Department of Psychology and Behavioral Sciences
School of Business and Social Sciences
The Centre for Alcohol and Drug Research (CRF) is a cross-disciplinary social science research center, which focuses on four core areas: treatment, prevention, policy and consumption. CRF is the only alcohol and drug specialist research center in Denmark and it employs approximately 25 research and administrative staff in Aarhus and an additional 15 staff at its satellite office in Copenhagen.
Although the Center has its origins in the 1980s, it was not until 1991 that it was formally established. During its initial years it relied on soft money research, primarily to conduct evaluation studies particularly on treatment initiatives, but also some prevention efforts. In 2001, as a result of a recommendation from the Ministry of Social Affairs, the Danish Budget Bill allocated permanent funding for the Center. This funding has allowed CRF to employ senior researchers, plan longer-term research strategies and foster a framework for the training and education of PhD students within alcohol and drug research. Today the permanent funding allocation comprises 2/3 of the CRF budget, while the last 1/3 still comes from competitive external research funds.
Core Areas of Research
Although the primary focus in treatment research in CRF’s early years was on particularly drug-free treatment, more recently research on medically assisted drug treatment and alcohol treatment research has acquired a more prominent place. Evaluation and research stemming from CRF has had a relatively significant influence on the formulation of Danish treatment policy in the last 10 years. One particularly significant development has been the creation of a national monitoring system known as Danish Registration and Information System, and the Center has been a central player in its development and implementation.
Prevention research undertaken at CRF contains two elements: (i) evaluation and follow-up research and (ii) research into the substance behavior of different risk groups. With regard to specific risk groups, CRF has undertaken special projects on adult children of alcohol misusers and also research on prevention and treatment initiatives among pregnant users. Initiatives on harm reduction have focused on the attitudes and practices of parents towards their children’s alcohol consumption. Projects have also focused on risk management strategies adopted by young people with regard to alcohol and drug use.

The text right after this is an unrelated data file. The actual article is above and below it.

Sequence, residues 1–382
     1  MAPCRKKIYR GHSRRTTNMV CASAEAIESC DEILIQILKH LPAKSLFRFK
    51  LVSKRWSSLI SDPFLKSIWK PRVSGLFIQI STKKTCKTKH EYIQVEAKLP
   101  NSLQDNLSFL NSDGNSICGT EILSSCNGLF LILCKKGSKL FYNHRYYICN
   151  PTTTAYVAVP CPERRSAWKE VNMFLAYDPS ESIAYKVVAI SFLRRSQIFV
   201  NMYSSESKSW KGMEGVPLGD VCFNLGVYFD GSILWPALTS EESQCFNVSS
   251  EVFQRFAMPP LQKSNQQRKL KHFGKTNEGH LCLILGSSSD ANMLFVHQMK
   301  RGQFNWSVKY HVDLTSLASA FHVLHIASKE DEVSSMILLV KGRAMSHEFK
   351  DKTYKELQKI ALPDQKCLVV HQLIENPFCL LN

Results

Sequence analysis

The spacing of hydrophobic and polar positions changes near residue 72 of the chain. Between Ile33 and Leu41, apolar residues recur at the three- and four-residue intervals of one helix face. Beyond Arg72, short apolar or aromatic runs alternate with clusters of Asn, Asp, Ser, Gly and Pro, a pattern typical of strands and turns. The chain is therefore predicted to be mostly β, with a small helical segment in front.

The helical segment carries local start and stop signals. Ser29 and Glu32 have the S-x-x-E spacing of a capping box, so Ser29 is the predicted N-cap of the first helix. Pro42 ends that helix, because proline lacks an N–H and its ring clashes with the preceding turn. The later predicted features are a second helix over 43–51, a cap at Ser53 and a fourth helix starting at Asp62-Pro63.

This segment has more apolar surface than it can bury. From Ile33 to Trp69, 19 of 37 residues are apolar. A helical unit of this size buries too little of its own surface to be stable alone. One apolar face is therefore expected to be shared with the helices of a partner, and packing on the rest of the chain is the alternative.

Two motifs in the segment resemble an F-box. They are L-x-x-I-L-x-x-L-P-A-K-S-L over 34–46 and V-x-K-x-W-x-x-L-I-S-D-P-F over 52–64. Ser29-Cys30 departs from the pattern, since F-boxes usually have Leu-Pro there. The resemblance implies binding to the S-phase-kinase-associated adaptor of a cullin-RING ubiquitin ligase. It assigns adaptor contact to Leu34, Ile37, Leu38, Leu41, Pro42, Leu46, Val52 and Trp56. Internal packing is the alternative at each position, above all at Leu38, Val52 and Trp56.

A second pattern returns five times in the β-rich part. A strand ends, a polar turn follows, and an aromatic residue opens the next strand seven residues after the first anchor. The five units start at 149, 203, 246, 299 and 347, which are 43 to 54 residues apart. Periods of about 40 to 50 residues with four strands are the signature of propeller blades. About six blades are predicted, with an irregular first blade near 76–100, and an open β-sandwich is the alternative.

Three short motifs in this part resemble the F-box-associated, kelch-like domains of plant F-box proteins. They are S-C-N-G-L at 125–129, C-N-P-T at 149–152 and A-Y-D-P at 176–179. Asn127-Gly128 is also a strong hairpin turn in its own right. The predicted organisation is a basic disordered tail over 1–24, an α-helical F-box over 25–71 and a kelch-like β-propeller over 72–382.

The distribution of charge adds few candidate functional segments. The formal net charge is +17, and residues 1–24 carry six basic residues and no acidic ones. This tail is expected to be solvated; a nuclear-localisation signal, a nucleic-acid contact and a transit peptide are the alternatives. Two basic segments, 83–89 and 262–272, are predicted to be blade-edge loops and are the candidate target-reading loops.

Policy, both alcohol and drug policy, is the third important research arena at the Center. Policy is defined as not only control policy in the drug field or regulation policy in the alcohol field, but also as those policy decisions that influence treatment, prevention and consumption. Thus research on policy is wide-ranging and examines how legislation within these arenas is implemented. Studies on policy have been both national and international in scope, with particular reference to other Nordic and EU countries.
CRF not only looks at alcohol and drug consumption from an epidemiological perspective of total and per capita consumption, but also from a sociological or socio-cultural construction approach. For example, one of the first PhD dissertations from CRF was a study of Danish alcohol culture within an historical and cultural perspective. Research examining alcohol and drug users’ own perspectives with respect to alcohol and drug consumption also plays a key role in the center’s research agenda and is an area of research that has been earmarked for future development. While researchers at the Center focusing on research from a user’s perspective would not claim that it is more valid than other kinds of research, they would nevertheless argue that it provides an essential perspective – a perspective often ignored in other research agendas.
Related Tasks at the Center
An additional focus of CRF is the education and training of PhD students and the dissemination of research knowledge through seminars for both national and international students in the social sciences. For example, the Center recently offered a specialist seminar on Cultural Criminology for Ph.D students with international speakers from the UK, the USA and Norway. Since 2007 CRF has joined the administration of a Ph.D program in social science and Ph.D students can complete their entire Ph.D education at CRF. Currently, eight PhD students are enrolled. Several of the students have the opportunity of continuing to work on alcohol and drug related research projects as post-doctoral students or even at the Assistant Professorship level. CRF is also involved with running the first European-wide master’s program in the social sciences of alcohol and drug use.
Finally, a pivotal part of the work of the Center lies in distributing and disseminating research results. It does this both by participating at national and international research conferences as well as ensuring that practitioners in the field are kept abreast of the latest research. To ensure that the latter takes place, CRF hosts an independent magazine, STOF, that spreads knowledge about alcohol and drug related issues. Contributors to the magazine include both researchers and practitioners.